Thanks to a recent price drop, you can actually get the Sony A200 in a kit with both an 18-70mm f/3.5-5.6 and a 75-300mm f/4.5-5.6 for only $699.99 right now. Here's one example:

Sony DSLR-A200 two lens kit at B&H

That lens is going to be typical of most budget zooms reaching out to 300mm (a bit softer on it's long end). The 75-300mm lens tests well compared to similar budget lenses, and it doesn't add a lot to the cost of the camera kit. Here's one review of it:

http://www.popphoto.com/cameralenses...5-56-zoom.html

Or, if you want a little higher quality lens for daytime use without breaking the bank, I'd get the base A200 kit (body + 18-70mm lens), which is only $499.99 right now after the last price drop.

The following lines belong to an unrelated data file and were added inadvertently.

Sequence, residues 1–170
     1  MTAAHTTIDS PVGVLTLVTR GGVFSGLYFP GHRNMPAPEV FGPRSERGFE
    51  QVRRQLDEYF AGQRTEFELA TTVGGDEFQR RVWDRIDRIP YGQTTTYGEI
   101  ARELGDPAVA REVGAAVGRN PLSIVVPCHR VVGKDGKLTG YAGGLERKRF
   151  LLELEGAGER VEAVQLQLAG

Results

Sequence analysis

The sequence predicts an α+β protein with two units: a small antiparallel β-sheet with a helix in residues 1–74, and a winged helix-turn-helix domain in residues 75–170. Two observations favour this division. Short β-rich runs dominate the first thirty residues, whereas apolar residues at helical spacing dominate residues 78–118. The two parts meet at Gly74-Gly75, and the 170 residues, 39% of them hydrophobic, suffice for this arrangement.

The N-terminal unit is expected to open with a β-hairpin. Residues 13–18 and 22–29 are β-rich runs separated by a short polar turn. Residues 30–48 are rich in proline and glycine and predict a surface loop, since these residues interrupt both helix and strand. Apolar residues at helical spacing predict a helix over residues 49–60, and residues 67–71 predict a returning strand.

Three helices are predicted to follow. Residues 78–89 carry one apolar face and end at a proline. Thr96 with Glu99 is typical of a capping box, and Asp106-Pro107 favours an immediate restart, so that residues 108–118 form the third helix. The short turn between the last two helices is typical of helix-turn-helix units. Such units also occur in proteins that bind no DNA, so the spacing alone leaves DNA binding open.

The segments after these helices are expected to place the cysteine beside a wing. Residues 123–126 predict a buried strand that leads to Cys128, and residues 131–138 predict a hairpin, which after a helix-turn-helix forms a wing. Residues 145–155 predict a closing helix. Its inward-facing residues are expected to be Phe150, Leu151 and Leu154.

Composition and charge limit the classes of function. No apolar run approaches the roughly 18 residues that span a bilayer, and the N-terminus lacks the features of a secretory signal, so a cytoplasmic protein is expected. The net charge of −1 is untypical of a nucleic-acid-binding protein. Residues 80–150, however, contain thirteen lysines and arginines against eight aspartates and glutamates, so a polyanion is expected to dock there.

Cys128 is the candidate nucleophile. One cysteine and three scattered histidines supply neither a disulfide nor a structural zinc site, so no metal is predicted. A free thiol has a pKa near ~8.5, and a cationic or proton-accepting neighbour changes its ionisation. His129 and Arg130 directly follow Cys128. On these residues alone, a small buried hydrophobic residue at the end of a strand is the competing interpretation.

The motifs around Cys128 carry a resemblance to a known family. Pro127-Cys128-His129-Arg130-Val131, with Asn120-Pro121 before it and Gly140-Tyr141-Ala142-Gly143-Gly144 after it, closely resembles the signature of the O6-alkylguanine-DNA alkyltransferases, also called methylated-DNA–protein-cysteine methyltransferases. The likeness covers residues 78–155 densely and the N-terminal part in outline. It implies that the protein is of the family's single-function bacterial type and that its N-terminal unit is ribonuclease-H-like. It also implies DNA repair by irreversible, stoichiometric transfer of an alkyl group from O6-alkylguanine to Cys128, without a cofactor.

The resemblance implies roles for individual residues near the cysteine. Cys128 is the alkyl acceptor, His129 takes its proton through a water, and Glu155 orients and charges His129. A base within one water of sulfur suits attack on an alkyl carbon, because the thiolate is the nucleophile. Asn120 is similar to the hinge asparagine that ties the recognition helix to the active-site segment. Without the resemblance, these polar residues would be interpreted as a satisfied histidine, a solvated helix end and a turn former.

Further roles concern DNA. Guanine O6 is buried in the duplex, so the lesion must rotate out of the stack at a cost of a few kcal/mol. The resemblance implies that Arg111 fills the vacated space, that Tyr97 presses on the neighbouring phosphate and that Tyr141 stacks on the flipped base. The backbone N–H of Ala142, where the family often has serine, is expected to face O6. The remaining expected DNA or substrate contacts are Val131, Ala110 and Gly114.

Sony DSLR-A200 with 18-70mm f/3.5-5.6 lens for $499.99 at B&H

Then, get a used Minolta 100-300mm f/4.5-5.6 APO AF lens for around $300 from reputable vendors like http://www.keh.com (just make sure you get an APO version). This lens has a very good reputation for being sharp throughout the zoom range with virtually no CA. Here's an example:

Minolta 100-300mm f/4.5-5.6 APO Macro lens in EX condition w/ hood and caps for $299

With that solution (Sony A200 kit with 18-70mm lens at $499.99, used Minolta 100-300mm APO lens for around $300), you'd only be spending roughly $800 to get started for daytime use. You'd have a good continuous mode feature (> 3fps until a fast memory card is full with no limit on number of frames), as well as ISO 3200 if you need it for low light use (missing on the entry level Canon models like the XTi and XSi).